- Special features: Bluetooth speakers offer all kinds of features beyond the ability to play audio from Bluetooth-sourced devices. These include speakerphone capability, pairing (the ability to play an equivalent material through two Bluetooth speakers at once), built-in lighting, and even integral bottle openers. In polls and comments, every reader seems to own their own opinion as to which (if any) features are the foremost important, so we didn’t require any particular features when picking products to check.
We didn’t award “extra points” for the inclusion of additional Bluetooth codecs beyond the quality SBC codec included altogether Bluetooth products. The sonic differences among these codecs are insignificant next to the massive, easily heard differences among the speakers themselves. and since most of the people use portable Bluetooth speakers for music, podcasts, and internet radio—and not for movies, TV, or gaming—the reduced latency of codecs like aptX Low Latency offers few benefits in this case.
After considering all of the factors, we ended up evaluating 20 new models for our summer 2020 update, including recent releases from Altec Lansing, Braven, EcoXGear, JBL, Marshall, Morpheus, Sony, Anker, Tribit, UE, and Wharfedale. This brings us to a complete of about 290 Bluetooth speakers that we’ve tested since this guide first posted in 2013.
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How we tested
As has become my standard practice for updates to this guide, I started by giving all of the new models a long listen, connecting them via Bluetooth through my Samsung Galaxy S10 phone and playing a similar four test tracks—in this case, two pop/folk, one heavy rock, and one jazz. I compared the speakers not only with each other but also with a number of our previous picks.
During these tests, I measured the most output of each speaker indoors at a distance of 1 meter using an NTi Minilyzer audio analyzer and a calibrated NTi MiniSPL test microphone. For this test, I used the analyzer’s Leq mode, measuring the average maximum level when playing ZZ Top’s very loudly recorded tune “Chartreuse.” Note that I’ve refined this method since the previous update, therefore the numbers are slightly different from before, but this doesn’t change how the products stacked up against each other.
I narrowed the contestants to the models that I assumed had a real chance to impress our listening panel, and that I included some of past picks. Then I divided the set of speakers into four groups: ultra-compact, small, medium, and large. I set the volume of the speakers within a particular group to a constant level, using the shaped-noise channel-balancing test tone recorded from a Dolby Digital receiver. For the ultra-compact and tiny speakers, it had been 74 dB at 1 meter, and it had been 78 and 85 dB for the medium and large speakers, respectively. due to the widely varying performance, the coarse volume-control steps, and therefore the unpredictable actions of the volume limiters utilized in these speakers, it had been impossible to match levels accurately, but in most cases, I was able to get them within plus/minus 0.3 dB. At the end of every speaker’s run, I cranked it full blast and played Kanye West’s “Love Lockdown” to check how well the speaker tolerated high volume and robust, deep bass.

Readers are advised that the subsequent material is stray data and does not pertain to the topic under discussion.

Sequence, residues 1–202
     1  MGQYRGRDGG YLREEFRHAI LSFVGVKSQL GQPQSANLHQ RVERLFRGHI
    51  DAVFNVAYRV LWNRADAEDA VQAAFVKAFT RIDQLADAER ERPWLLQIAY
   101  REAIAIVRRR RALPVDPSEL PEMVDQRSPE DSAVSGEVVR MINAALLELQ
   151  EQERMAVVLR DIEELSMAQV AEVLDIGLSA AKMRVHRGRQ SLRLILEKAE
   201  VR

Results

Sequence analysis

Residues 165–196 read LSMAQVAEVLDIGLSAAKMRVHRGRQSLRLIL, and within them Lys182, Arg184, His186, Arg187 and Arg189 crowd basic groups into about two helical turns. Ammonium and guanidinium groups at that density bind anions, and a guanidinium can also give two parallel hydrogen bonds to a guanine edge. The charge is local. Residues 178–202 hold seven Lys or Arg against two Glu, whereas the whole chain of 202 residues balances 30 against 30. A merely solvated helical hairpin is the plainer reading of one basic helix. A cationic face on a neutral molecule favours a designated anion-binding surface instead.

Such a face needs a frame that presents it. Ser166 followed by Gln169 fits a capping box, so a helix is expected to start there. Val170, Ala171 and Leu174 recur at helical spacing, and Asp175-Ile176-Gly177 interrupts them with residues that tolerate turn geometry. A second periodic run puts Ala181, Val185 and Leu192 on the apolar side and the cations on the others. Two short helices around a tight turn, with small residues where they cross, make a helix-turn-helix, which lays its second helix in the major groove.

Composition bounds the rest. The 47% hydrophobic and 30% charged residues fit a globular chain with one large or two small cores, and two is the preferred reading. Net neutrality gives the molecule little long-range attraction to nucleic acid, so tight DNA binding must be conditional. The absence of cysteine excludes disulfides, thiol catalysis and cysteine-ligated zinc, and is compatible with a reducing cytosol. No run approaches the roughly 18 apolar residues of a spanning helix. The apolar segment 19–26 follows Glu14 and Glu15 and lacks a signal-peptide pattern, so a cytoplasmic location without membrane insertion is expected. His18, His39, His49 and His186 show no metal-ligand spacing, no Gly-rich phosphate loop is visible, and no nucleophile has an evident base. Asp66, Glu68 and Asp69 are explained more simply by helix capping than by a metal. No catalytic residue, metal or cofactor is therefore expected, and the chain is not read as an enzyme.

Because of the COVID-19 pandemic, I wasn’t ready to conduct our usual blind panel tests for our summer 2020 update, but I used to be ready to drop off the most promising models with Lauren Dragan so she could give me a second opinion. Lauren used the same process as mine to check the limited selection of speakers I sent to her. Ultimately, our top, upgrade, and budget picks (which were previously panel-tested) didn’t change, but we discovered a bunch of latest speakers that we liked.
During these tests, we paid particular attention to:
- how clear the speakers sounded at normal levels
- the balance of bass to midrange to treble
- how loud they were ready to play when cranked up
- how clear they sounded when cranked up
I checked the battery life of each of our top picks by repeating Steely Dan’s “Aja” at an average level of 75 dB (measured at 1 meter) over and over until the power ran out (for the UE Hyperboom, I increased the amount to 81 dB). Note that our results might not consider the manufacturers’ stated battery life, likely because their testing methodology—which they almost never publish—varies from ours. I also measured the most Bluetooth range of all our picks.
For models that provide speakerphone functionality, I tried placing a call with each model to Lauren, who has helped me evaluate speakerphone quality for years. I speak to her from the same place in my lounge, starting with my mouth 2 feet from the speaker; then I note how she sounds to me, and she tells me how my voice sounds.
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Our pick: UE Wonderboom 2
A portable Bluetooth speaker should be compact, strong, and affordable, and (most of all) sound great. The UE Wonderboom 2 ticks all of those boxes than some. All but one of our listeners praised the Wonderboom 2 for its natural balance of bass to midrange to treble, as well as its clear reproduction of voices. The Wonderboom 2 is about the size and weight of a large apple, so it’s easy to carry around. It also has lots of useful features, including an Outdoor Boost mode that makes it louder (at the expense of bass), an ultra-rugged design, stereo/mono pairing, an extra-long Bluetooth range, and a top button that lets you pause and restart the music, as well as skip to the next track.